I read this today in the New York Times:
If a person touches your toe and your nose at the same time, he says, “you will feel those touches as simultaneous. This is surprising because the signal from your nose reaches your brain before the signal from your toe. Why didn’t you feel the nose touch when it first arrived?”
It may be that our sensory perception of the world has to wait for the slowest piece of information to arrive, Eagleman says.
“Given conduction times along limbs, this leads to the bizarre but testable suggestion that tall people may live further in the past than short people.”
Because for the taller person it takes a tenth of a second longer for the toe-touch to travel up the foot, the ankle, the calf, the thigh, the backbone to the brain, the brain waits that extra beat to announce a “NOW!” That tall person will live his sensory life on a teeny delay (at least as regards toe-touching). This, of course, could apply to all kinds of lower-extremity experiences — cold or heat against the skin, tickles, rubs, hitting a soccer ball — the list goes on and on.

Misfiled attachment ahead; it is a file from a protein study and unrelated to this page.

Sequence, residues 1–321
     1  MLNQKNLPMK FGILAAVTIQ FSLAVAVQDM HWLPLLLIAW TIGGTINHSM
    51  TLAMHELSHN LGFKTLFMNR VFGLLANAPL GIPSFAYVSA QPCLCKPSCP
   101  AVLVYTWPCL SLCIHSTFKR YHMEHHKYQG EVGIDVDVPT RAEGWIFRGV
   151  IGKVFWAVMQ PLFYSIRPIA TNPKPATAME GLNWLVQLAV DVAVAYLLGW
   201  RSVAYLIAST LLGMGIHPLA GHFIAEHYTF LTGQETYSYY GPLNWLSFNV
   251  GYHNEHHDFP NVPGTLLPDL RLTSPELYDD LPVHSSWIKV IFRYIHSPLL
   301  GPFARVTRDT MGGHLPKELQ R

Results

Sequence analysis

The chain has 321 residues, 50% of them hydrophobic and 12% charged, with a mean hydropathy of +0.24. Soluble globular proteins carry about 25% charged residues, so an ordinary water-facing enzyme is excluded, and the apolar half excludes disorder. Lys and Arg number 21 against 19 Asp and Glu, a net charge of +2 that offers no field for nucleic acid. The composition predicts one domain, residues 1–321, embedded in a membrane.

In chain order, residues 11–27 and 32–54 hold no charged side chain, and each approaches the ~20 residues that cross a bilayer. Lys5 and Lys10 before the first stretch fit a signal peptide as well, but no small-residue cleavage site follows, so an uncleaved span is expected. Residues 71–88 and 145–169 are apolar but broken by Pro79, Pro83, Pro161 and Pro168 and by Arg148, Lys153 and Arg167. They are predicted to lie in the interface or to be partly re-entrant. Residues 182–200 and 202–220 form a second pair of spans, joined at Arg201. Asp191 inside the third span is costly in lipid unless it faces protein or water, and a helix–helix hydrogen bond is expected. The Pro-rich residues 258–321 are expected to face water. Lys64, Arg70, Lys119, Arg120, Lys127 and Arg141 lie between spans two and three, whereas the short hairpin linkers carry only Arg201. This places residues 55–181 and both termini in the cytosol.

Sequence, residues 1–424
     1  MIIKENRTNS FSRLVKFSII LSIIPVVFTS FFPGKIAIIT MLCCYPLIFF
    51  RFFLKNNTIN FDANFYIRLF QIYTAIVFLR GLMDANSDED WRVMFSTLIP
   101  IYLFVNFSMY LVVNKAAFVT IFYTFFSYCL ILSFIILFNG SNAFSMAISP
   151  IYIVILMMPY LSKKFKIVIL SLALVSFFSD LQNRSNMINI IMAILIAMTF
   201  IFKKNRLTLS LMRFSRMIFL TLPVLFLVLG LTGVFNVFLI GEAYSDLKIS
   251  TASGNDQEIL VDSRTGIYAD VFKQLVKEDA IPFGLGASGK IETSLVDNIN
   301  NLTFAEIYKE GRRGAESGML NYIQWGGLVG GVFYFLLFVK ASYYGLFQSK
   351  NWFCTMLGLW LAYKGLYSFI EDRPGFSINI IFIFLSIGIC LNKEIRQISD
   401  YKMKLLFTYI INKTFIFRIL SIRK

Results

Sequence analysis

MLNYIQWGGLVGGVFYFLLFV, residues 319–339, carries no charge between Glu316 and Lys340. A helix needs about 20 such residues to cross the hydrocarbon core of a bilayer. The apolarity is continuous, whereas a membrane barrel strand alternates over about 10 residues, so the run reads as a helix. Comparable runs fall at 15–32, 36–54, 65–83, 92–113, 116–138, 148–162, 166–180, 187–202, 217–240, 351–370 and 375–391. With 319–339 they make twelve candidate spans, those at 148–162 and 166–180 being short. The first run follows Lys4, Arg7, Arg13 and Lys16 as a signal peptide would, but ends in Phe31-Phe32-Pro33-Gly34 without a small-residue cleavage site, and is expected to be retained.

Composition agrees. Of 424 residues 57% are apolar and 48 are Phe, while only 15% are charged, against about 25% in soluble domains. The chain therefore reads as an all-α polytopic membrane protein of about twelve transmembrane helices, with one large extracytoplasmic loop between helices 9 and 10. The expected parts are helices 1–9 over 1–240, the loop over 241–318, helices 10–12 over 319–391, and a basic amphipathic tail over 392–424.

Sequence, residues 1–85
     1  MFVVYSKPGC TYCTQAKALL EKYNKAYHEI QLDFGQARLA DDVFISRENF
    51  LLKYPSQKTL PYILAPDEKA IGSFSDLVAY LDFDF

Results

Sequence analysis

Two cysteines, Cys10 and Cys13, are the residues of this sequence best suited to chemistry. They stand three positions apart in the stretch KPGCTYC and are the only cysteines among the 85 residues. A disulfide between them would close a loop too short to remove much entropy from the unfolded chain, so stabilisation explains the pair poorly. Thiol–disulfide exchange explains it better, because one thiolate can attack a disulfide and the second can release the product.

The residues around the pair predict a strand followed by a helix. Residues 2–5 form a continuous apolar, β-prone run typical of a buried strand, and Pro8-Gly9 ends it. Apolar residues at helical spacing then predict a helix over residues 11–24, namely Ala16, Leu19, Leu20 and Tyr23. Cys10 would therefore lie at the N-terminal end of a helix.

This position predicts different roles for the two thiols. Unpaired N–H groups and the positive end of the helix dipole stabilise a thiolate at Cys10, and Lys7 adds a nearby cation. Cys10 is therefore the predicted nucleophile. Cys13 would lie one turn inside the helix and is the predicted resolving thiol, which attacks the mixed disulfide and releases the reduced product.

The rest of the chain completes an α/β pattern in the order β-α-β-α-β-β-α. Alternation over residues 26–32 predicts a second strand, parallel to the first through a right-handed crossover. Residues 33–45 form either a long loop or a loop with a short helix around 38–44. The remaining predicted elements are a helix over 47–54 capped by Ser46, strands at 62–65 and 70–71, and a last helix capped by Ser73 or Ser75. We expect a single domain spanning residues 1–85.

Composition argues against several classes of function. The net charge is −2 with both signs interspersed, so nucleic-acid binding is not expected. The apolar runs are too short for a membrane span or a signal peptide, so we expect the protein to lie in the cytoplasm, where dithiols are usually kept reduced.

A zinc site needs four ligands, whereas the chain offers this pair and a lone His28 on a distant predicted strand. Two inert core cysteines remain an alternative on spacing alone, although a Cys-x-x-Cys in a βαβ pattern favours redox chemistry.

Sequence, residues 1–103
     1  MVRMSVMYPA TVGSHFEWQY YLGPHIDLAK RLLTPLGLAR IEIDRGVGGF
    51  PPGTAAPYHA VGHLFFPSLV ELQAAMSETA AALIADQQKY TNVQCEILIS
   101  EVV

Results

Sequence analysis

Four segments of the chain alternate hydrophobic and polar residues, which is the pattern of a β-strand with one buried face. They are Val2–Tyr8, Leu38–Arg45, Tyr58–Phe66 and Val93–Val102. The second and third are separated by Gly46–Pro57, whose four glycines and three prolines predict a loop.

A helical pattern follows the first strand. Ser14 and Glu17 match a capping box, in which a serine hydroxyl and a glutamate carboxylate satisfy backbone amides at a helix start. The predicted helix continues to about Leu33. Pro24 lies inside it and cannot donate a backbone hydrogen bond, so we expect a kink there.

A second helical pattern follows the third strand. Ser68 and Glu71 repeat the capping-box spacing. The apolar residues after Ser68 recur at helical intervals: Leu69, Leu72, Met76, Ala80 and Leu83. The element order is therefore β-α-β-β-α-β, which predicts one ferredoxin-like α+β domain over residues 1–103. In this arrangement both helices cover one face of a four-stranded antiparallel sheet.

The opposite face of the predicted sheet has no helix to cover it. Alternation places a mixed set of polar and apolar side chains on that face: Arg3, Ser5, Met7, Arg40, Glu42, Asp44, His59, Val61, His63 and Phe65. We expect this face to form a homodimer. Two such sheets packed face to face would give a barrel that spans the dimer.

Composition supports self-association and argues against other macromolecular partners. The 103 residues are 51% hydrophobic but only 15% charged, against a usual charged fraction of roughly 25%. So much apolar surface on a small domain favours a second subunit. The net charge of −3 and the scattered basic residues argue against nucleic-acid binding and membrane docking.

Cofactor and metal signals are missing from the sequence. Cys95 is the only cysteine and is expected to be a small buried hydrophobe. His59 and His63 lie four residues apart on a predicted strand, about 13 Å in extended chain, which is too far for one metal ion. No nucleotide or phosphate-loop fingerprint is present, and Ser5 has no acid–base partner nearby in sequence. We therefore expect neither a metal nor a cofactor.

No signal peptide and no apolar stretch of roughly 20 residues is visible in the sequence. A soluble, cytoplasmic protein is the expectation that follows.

Isn’t that interesting?!? Constantly frustrated by pants that need hemming, shelves/counters/benches/chairs that are too high, hard to reach items in the grocery store, and having to look up other people’s noses all the time, this little insight gives me a new reason to relish my stature. Not that I have much choice (I haven’t grown so much as a millimeter in years), but I’ll happily trade the ability to reach the top shelf (I can always use a ladder) for a greater ability to live in the present. No more “vertically challenged” for me!